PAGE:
Boetticher weaves these elements together to create a tense little film that’s low on gun play but high on character, but when the lead does start flying he handles the action with as much aplomb as the psychological thrills that have gone before. He even manages to make you wonder if things will follow their usual path for a low budget oater i.e. the villains lying dead in the dirt while the hero rides off with the girl, although in this case the girl, Maureen O’Sullivan, most famous (to me at least) as Jane to Johnny Weissmuller’s Tarzan, hadn’t been a ‘girl’ for some time. It’s one more thing that sets Boetticher’s film apart, it’s not just the maturity with which the film is handled, it’s the maturity of the characters themselves.

I think I’ll stop now as this is coming dangerously close to a full review, something that was never the plan for Film7070 posts, but I will leave you with this – if you are a fan of the western genre then you owe it to yourself to seek out The Tall T. Trust me you won’t regret it.
[rating:4]

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Film7070 Week 4: 2007

2007: Hot Fuzz

Well if the idea behind Film7070 was to see how films have influenced each other over the years then I doubt I’ll find a film where the influences are easier to spot than Hot Fuzz. There’s no subtlety to Hot Fuzz’s filmic referencing, the characters talk about then, we see the videos on display and, just in case you’re a complete novice when it comes to the action movie genre, we even get clips from a couple (Point Break and Bad Boys II). It’s this OTT action movie lovefest that sets the film apart from the same creative teams superior Shaun of the Dead.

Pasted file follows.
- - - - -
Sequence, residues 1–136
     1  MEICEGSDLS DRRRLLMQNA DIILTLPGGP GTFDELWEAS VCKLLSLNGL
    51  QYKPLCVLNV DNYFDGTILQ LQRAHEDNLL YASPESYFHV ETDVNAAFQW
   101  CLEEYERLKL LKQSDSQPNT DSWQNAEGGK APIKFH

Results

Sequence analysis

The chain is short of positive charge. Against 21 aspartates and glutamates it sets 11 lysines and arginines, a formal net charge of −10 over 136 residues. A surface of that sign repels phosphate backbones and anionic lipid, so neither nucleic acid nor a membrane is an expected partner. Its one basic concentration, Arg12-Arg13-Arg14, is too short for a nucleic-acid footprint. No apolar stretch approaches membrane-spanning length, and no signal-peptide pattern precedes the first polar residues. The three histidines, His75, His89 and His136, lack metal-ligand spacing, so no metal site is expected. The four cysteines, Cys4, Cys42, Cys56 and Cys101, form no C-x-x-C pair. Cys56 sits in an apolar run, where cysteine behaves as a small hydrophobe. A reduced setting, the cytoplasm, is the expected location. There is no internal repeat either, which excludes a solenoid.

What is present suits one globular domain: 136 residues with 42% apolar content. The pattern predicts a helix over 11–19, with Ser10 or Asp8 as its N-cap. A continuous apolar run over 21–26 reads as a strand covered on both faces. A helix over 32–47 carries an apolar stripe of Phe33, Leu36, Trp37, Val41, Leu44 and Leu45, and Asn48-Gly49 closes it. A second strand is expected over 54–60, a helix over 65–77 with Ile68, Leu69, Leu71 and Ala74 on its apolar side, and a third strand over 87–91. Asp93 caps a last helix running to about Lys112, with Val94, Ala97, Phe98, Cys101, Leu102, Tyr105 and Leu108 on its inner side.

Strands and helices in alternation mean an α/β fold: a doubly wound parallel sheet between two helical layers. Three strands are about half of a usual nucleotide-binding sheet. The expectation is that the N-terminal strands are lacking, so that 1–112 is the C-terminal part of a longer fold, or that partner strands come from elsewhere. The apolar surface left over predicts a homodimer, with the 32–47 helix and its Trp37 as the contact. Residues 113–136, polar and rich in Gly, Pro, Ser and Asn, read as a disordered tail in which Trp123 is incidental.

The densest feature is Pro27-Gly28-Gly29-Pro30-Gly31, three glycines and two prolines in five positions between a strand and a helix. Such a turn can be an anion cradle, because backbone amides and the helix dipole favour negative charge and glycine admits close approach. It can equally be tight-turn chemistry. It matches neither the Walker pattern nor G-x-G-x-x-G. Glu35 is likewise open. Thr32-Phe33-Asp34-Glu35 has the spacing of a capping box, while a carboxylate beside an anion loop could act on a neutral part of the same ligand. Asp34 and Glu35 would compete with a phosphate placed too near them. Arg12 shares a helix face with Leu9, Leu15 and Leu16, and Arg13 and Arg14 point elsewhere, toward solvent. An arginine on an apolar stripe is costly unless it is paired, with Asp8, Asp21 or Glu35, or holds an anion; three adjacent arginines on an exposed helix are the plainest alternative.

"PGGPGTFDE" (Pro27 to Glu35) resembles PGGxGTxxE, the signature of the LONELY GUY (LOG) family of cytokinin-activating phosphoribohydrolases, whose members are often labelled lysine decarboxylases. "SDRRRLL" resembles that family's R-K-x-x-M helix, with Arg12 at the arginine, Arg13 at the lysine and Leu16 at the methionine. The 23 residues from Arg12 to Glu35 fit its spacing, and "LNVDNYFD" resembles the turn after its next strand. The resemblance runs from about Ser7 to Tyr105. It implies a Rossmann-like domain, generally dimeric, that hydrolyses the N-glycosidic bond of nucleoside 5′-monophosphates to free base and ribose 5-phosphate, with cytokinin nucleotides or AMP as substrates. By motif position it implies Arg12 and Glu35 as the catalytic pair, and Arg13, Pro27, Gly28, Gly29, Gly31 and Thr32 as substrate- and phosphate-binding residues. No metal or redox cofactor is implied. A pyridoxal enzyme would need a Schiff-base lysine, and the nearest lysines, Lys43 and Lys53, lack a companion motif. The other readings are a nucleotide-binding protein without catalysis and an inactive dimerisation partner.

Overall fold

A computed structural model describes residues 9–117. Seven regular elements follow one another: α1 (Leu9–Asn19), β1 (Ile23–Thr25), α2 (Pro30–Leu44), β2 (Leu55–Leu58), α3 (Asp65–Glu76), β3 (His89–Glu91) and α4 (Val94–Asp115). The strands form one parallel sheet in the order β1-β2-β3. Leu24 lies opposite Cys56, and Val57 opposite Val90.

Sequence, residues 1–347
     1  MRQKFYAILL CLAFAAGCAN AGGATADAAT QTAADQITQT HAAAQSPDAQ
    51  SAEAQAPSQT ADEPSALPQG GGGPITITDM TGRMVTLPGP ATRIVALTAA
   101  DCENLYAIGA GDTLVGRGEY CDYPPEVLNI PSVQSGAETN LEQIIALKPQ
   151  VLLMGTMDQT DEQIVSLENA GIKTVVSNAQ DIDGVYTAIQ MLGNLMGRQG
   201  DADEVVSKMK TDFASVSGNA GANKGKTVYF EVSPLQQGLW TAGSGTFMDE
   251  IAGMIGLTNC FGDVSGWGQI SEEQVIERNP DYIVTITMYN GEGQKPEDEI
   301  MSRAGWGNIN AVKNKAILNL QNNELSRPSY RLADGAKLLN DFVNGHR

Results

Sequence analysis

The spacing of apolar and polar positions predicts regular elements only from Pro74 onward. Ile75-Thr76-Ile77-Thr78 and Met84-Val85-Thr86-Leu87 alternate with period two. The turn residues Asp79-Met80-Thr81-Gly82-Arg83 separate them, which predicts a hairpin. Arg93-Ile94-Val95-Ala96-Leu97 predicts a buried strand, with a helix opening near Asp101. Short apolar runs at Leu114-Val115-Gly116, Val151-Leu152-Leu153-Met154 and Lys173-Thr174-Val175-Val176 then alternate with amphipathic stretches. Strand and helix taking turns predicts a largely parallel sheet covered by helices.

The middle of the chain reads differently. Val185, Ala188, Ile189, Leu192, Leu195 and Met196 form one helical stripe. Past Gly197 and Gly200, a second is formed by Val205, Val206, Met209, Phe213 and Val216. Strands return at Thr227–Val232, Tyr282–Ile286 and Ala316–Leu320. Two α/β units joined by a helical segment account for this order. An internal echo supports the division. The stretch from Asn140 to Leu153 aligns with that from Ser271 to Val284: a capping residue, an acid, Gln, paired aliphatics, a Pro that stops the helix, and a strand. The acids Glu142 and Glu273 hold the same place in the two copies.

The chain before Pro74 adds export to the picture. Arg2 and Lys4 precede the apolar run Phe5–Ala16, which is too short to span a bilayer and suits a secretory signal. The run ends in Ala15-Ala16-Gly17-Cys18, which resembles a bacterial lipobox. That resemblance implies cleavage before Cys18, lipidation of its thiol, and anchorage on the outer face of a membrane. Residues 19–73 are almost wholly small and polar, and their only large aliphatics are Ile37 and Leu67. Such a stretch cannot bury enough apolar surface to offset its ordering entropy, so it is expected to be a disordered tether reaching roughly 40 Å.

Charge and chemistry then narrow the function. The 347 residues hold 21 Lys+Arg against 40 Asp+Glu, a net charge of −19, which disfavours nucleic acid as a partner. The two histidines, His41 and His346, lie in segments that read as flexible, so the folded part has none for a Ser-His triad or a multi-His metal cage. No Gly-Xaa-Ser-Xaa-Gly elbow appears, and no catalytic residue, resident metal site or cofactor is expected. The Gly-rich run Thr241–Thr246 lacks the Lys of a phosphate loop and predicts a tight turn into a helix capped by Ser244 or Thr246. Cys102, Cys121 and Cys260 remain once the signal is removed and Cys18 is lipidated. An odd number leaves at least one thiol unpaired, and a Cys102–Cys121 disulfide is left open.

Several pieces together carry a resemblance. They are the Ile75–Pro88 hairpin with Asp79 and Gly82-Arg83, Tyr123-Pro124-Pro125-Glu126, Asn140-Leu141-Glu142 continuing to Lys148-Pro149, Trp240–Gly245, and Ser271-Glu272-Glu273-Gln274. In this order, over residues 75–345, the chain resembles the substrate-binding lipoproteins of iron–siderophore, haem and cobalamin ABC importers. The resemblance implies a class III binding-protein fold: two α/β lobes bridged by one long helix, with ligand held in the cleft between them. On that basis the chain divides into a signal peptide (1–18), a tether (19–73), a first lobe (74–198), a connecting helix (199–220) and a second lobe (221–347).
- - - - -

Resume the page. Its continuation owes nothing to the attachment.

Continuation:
Shaun payed tribute to it’s zombie forbears with a nod and a wink, and if you missed it in didn’t matter, the film worked perfectly well without. Shaun was a horror comedy while Hot Fuzz is a spoof, and as a spoof it requires you know what’s being spoofed, because if you don’t the film doesn’t work. This may sound like a complaint, and to some degree it is, but a good spoof can still be an entertaining film, just look at Airplane or Blazing Saddles. It’s also something that’s very hard to do well, just look at…well pretty much every other spoof.

Hot Fuzz does it well, it hits the target far more than it misses and even scores a couple of bulls-eyes. It’s not as well written and it’s characters aren’t as believable as those in Shaun of the Dead; who do you relate to more, Pegg’s supercop or Shaun who works in a shop, has trouble with his girlfriend and likes a drink down the pub? That was a rhetorical question by the way, unless John McClane’s reading this. It’s our identification with the characters that makes Shaun such a joy to watch, with Hot Fuzz it’s the situations that elicit the humour.

I guess what it comes down to is I’d rather watch a comedy than a spoof, but if I’ve got to watch something being lampooned then I hope it’s as entertainingly done as Hot Fuzz.
[rating:3.5]

Next up some classic western action from 1957 with Randolph Scott in The Tall T.

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Film7070 Week 3: 1970

1970: The Dunwich Horror

This early attempt to bring the work of H.P. Lovecraft to the screen owes as much to Polanski’s Rosemary’s Baby as it does to the master of cosmic horror. There’s little of the Old Ones here, the focus of the movie is Wilbur Whateley’s attempt to seduce innocent Nancy Wagner (Sandra Dee) over to the dark side and in so doing put a devilish bum in her virgin oven.

Producer Roger Corman may have been the antecedent of Asylum, modern purveyors of direct-to-dvd knock-off trash, but at least when Corman did it he did it with class. He also knew talent when he saw it, with many great filmmakers getting their start with him and The Dunwich Horror features an early screen credit (as writer) for future Oscar winner Curtis Hanson.

The Dunwich Horror is no classic, but it does have some things to enjoy. Dean Stockwell’s creepy Wilbur (could there be a less menacing name for a villain?) ranks at the top. There’s a perverse malevolence to Stockwell’s performance and he’s always good value for money in villainous roles.